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After 37 Years Of Reporting In Vermont, Free Press Reporter Sam Hemingway Set To Retire

Angela Evancie
Reporter Sam Hemingway is retiring after 37 years at the Burlington Free Press.

Readers of the Burlington Free Press will soon be without a byline some of them have been familiar with for 37 years. That’s because veteran Free Press reporter Sam Hemingway announced he’s retiring from the paper.

Sam Hemingway has graciously agreed to join us in our VPR studios to talk about his long reporting career.

In his decades at the paper, much has changed about Vermont. But the biggest change since Hemingway started covering Vermont in the 1970s is the Internet, and he said that’s true for everyone.

“The Internet has changed everything. Communication is faster. In my business, news is 24/7. At the Free Press, for instance, we would hold stories and break them in the morning, and if we had something that was exclusive, we would watch everyone else scramble. Of course, the reverse was sometimes true. Now we’re all on the same wavelength. We’re all trying to tweet and put stuff up on the web. That in terms of the media has changed. And I think it’s affected how politics operate. Peoples' attention spans in terms of issues, it’s changed a lot,” he said.

Another change has been the divide between native Vermonters and “out-of-staters.” Hemingway is one of those “out-of-staters.” He grew up in Connecticut. “I think that’s gone away. You still hear remnants of it. But I think now many Vermonters, so much of Vermont is made up of people who, like me, moved here at some point for whatever good reason and decided to stay.”

Hemingway wanted to be a reporter at an early age. As a child, he started a street newspaper reporting on lost dogs, and people who went on vacation. He sold each copy for 5 cents. In high school, he was editor of the school newspaper and went on become editor of the college paper at Syracuse.

“It was sort of the one thing I knew I could do. And it is the one thing I’ve done in these years since,” he said.

Hemingway has covered many stories over the years, and many of them have been gritty, sometimes difficult to read stories.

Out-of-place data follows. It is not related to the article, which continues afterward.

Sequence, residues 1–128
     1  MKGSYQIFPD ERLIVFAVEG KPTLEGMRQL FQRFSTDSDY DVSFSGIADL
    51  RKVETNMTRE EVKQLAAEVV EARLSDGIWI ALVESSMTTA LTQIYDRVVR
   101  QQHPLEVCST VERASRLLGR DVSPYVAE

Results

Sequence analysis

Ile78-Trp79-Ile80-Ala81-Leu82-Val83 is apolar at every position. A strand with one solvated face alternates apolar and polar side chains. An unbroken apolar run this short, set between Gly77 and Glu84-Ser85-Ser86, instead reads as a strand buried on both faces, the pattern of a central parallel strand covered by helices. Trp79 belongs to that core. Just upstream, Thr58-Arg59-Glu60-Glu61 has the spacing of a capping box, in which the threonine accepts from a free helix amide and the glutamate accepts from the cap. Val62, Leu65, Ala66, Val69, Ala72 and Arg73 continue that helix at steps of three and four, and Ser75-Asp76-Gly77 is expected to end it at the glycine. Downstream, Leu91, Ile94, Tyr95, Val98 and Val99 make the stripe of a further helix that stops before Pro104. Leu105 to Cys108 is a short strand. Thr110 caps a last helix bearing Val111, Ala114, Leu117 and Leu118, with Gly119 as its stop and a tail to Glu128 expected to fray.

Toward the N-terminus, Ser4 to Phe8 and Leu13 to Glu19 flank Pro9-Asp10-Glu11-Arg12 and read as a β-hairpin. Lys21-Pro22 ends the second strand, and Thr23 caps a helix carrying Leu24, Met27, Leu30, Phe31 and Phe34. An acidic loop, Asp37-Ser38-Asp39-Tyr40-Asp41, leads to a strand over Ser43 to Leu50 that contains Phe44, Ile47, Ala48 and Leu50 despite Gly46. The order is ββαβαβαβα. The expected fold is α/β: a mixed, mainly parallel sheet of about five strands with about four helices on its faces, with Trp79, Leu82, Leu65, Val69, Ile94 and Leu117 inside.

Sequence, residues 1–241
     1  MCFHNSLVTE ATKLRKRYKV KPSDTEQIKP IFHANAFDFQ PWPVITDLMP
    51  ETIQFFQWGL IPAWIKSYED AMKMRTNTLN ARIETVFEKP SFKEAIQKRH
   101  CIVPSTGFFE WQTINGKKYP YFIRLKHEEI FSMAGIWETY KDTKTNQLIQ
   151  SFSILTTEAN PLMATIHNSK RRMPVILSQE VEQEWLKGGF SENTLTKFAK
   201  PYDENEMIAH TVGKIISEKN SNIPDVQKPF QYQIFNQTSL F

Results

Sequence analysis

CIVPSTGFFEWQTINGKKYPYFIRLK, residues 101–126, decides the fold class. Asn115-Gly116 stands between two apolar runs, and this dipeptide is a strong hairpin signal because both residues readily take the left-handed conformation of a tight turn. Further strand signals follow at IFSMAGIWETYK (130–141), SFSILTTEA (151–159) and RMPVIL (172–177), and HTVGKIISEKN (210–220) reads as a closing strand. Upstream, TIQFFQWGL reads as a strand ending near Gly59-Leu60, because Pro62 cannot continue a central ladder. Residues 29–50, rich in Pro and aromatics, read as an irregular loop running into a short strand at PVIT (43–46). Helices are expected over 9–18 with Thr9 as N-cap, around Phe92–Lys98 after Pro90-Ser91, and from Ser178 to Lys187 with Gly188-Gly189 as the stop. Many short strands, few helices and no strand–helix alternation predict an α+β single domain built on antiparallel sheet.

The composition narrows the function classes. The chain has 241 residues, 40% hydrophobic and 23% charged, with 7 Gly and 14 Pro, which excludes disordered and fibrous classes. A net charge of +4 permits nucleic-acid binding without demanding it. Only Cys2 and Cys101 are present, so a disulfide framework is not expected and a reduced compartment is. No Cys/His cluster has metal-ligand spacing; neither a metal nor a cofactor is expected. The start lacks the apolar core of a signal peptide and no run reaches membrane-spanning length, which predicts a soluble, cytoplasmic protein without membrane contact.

"We can all write stories about news conferences and political speeches and even fires and catastrophes because they're right there in front of us. The ones you have to go look for, they take more time." - Sam Hemingway

“I was drawn to investigative reporting. I suppose part of that is growing up in the era of Watergate. When I came to the Burlington Free Press, I pretty quickly jumped into a pretty serious story involving arms smuggling and it sort of suited me,” he explained. “That’s what journalism is supposed to be. You are supposed to push the edges. You are supposed to dig into stuff. We can all write stories about news conferences and political speeches and even fires and catastrophes because they’re right there in front of us. The ones you have to go look for, they take more time. It challenges your mind a lot more and it changes you. My views about a lot of things have been affected by the experience of reporting about them.”  

Hemingway began writing about opiate abuse in Vermont long before the story gained attention in the national media following Gov. Peter Shumlin’s state of the state address this year.

“Anybody in law enforcement will tell you it started with pills. It started with OxyContin. A whole generation of people got hooked on those painkillers. And then when those painkillers became hard to find or too expensive to buy people started moving over to heroin because it was a cheaper alternative,” he explained. “I was covering OxyContin as an issue and St. Albans had a big effort to try to confront its problems and I had spent a lot of time in 2009 up there and got involved with some families who were struggling with this.”